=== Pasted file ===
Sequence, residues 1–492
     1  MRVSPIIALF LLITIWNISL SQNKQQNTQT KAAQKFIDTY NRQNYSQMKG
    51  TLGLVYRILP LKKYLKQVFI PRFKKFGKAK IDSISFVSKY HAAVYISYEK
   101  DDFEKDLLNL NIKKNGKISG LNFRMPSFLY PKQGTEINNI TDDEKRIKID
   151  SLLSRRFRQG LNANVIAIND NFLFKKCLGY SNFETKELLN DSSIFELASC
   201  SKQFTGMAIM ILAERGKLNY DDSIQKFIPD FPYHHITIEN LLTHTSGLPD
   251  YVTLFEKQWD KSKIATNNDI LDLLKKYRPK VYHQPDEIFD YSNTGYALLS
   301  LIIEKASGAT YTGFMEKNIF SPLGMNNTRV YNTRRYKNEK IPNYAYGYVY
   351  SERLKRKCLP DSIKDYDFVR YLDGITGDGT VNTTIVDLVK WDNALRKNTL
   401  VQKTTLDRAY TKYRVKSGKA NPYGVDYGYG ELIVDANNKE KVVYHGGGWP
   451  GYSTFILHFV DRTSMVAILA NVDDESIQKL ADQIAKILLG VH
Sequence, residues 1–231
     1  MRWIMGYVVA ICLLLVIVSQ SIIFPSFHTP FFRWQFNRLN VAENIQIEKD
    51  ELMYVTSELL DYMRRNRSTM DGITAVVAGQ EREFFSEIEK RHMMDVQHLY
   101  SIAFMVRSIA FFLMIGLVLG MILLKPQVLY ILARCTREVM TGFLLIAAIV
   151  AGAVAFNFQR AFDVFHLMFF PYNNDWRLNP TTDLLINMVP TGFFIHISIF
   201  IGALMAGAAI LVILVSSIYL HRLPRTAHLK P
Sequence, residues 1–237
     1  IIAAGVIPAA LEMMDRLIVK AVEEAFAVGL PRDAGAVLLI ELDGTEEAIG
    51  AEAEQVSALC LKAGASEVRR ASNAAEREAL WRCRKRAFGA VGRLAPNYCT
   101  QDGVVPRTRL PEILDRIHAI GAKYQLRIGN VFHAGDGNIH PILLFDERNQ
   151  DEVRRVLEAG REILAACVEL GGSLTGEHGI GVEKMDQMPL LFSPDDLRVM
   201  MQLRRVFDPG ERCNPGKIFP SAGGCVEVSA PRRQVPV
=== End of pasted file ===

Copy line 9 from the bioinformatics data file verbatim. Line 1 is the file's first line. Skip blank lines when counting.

   351  SERLKRKCLP DSIKDYDFVR YLDGITGDGT VNTTIVDLVK WDNALRKNTL